Priority medicines for mothers and children

The World Health Organization has published a list of 30 medicines that can make the difference between life and death for mothers and children younger than 5 years of age.

This list of "priority medicines" was developed by the WHO, the United Nations Population Fund and UNICEF. It is the first such list, the sine qua non for mothers and children regardless of where they are , according to an editorial in the Lancet. (This list should not be confused with WHO's Model List of Essential Medicines.)

"An estimated 8.1 million children under the age of five die every year and an estimated 1,000 women — most of them in developing countries — die every day due to complications during pregnancy or childbirth," states the introduction to the list.

The new publication is something of a "wish list," the Lancet notes, in that five of the medicines to protect young children have not yet been developed.

These are the generic treatments on the list that address conditions that threaten the lives of mothers:

* For post-partum hemorrhage — oxytocin and sodium chloride

* For pre-eclampsia and eclampsia — calcium gluconate injection (for treatment of magnesium toxicity), magnesium sulfate

* For puerperal infection —  ampicillin, metronidasole, gentamicin, misoprostol

* For sexually transmitted diseases — azithromycin for chlamydia, cefixime and, for syphillis, benzathine benzylpenicillin

How hospitals can promote breast-feeding

The Baby Friendly Hospital Initiative, an international program, has created a list of things birth facilities in the United States can do to optimize the chances that mothers will choose to breast-feed their babies.

Here are "The Ten Steps To Successful Breast-feeding," from BFHI USA:

    1. Have a written breast-feeding policy that is routinely communicated to all health-care staff.
    2. Train all health-care staff in skills necessary to implement this policy.
    3. Inform all pregnant women about the benefits and management of breast-feeding.
    4. Help mothers initiate breast-feeding within one hour of birth.
    5. Show mothers how to breast-feed and how to maintain lactation, even if they are separated from their infants.
    6. Give newborn infants no food or drink other than breast milk, unless medically indicated.
    7. Practice “rooming in” — allow mothers and infants to remain together 24 hours a day.
    8. Encourage breast-feeding on demand.
    9. Give no pacifiers or artificial nipples to breast-feeding infants.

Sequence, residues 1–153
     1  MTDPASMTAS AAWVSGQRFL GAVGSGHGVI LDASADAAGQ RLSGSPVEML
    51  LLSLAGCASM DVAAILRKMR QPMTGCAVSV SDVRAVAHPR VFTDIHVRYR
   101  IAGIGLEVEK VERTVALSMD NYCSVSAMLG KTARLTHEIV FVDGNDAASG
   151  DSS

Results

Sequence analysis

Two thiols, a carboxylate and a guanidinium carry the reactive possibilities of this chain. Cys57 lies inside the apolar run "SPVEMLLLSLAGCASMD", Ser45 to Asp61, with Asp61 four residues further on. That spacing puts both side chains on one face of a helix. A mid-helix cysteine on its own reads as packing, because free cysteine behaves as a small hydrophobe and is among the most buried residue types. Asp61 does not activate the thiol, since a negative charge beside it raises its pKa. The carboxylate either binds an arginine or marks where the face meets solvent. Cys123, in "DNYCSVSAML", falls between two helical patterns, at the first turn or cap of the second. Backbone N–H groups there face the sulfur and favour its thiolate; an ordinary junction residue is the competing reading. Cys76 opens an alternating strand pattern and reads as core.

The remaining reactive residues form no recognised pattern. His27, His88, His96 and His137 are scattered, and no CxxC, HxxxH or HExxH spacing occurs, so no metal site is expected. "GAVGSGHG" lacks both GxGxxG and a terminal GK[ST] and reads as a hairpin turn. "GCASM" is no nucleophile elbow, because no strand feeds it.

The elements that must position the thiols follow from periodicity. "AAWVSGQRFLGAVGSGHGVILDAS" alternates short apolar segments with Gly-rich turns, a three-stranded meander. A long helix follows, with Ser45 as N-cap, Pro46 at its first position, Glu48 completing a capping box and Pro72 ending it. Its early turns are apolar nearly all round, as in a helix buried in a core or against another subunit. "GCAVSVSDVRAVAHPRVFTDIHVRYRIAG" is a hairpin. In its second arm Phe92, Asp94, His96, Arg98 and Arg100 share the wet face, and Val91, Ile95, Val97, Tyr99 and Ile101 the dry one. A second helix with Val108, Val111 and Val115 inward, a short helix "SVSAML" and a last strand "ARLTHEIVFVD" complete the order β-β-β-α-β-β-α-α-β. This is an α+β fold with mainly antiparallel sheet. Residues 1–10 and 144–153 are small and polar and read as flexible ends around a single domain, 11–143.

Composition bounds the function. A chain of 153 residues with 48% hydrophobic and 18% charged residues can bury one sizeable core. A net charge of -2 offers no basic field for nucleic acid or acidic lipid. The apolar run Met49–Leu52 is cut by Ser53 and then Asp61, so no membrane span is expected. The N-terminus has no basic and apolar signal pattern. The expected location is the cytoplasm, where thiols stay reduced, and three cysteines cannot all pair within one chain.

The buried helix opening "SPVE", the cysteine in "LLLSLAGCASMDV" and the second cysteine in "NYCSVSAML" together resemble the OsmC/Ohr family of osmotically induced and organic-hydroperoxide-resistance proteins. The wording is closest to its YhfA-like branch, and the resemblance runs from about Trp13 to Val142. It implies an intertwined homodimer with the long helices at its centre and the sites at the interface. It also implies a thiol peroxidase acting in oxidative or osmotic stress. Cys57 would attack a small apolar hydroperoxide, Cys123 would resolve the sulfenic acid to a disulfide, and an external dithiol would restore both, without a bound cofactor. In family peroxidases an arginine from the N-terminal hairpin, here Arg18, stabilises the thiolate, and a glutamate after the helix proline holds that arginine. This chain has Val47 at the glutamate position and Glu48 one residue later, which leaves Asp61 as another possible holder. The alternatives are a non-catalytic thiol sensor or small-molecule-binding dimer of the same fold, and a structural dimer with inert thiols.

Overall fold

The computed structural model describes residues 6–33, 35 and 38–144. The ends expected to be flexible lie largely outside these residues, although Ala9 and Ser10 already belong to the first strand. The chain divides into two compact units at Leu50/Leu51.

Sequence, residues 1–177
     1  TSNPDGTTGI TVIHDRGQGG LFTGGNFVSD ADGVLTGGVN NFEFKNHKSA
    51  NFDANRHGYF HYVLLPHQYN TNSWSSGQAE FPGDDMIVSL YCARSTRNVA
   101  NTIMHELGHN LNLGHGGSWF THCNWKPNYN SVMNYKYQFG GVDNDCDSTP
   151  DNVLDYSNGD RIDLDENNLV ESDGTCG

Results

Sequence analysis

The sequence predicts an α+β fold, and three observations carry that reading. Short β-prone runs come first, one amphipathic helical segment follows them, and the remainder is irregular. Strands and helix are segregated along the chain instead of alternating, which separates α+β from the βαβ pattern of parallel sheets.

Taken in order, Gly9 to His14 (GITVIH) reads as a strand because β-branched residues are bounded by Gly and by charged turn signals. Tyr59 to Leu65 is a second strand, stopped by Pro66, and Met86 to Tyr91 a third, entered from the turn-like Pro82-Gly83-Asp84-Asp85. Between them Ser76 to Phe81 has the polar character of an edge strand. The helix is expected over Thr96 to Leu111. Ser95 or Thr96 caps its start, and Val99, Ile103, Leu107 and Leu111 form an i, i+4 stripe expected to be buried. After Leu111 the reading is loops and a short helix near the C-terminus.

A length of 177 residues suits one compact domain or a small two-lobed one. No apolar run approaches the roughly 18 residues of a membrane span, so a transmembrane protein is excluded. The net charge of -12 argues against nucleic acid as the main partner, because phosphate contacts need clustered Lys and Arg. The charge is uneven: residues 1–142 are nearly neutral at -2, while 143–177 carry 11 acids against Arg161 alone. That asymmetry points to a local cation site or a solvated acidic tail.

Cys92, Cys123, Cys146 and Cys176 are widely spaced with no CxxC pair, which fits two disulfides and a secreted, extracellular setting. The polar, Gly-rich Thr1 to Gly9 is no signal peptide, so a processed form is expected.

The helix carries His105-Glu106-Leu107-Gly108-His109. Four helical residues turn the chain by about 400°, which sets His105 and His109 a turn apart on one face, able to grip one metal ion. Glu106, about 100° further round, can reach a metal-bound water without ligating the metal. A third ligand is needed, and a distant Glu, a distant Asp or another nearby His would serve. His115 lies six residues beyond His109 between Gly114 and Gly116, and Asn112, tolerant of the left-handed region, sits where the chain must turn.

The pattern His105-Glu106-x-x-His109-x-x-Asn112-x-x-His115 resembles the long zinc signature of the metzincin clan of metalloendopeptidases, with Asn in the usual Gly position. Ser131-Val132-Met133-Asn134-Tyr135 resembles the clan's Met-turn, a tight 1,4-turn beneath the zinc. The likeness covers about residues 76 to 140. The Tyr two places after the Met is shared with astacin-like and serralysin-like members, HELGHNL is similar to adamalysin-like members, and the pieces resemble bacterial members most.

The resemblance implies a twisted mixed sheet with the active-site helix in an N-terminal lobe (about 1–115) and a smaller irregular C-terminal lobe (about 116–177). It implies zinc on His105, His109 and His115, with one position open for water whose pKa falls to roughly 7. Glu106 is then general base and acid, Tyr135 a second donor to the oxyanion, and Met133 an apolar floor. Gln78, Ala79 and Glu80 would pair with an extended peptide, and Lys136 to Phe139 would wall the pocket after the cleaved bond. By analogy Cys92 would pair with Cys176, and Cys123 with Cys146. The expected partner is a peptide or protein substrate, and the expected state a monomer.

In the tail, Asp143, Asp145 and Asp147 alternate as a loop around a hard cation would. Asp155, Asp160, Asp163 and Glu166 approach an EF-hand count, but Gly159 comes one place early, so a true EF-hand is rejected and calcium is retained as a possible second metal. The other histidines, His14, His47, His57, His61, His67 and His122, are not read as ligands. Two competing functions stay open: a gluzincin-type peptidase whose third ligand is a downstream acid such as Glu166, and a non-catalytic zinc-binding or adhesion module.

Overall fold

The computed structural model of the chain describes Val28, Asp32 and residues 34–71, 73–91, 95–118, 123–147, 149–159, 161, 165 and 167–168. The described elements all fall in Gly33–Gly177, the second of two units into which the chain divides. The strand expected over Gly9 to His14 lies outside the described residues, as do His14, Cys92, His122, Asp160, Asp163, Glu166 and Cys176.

10. Foster the establishment of breast-feeding support groups and refer mothers to them on discharge from the hospital or clinic.

The BFHI is underwritten by the World Health Organization and the United Nations Children's Fund (UNICEF).

The basics of birth safety

What do women need when birth becomes difficult? The Averting Maternal Death and Disability program has identified a handful of intervention capabilities that should be in place for emergencies wherever babies are born.

These "signal functions" include having personnel on hand who are trained to administer drugs by injection -- antibiotics, anticonvulsants and "oxytocics," which can start or speed labor -- manually remove the placenta and other "products of conception" not leaving the body spontaneously, and perform assisted vaginal delivery -- with forceps, for example.

AMDD, a major initiative of the Mailman School of Public Health at Columbia University in New York City,  has worked with UNICEF and other partners for 20 years to bring down maternal-mortality rates in the developing world.

Its directive, issued in 1997, cites two additional interventions that might be necessary to save lives -- Caesarean section and blood tranfusion. These two go beyond the basics of a birth center -- in some parts of the world they are strictly wish-list items -- but they can often make the difference between life and death, as they did in our case.

AMDD doesn't include anesthesiology in its signal functions, although surgery is difficult without it.

We in the United States might view these interventions as humdrum, or even as irksome or worse if they become part of our own birth story, but behind the development of each one of them are amazing tales.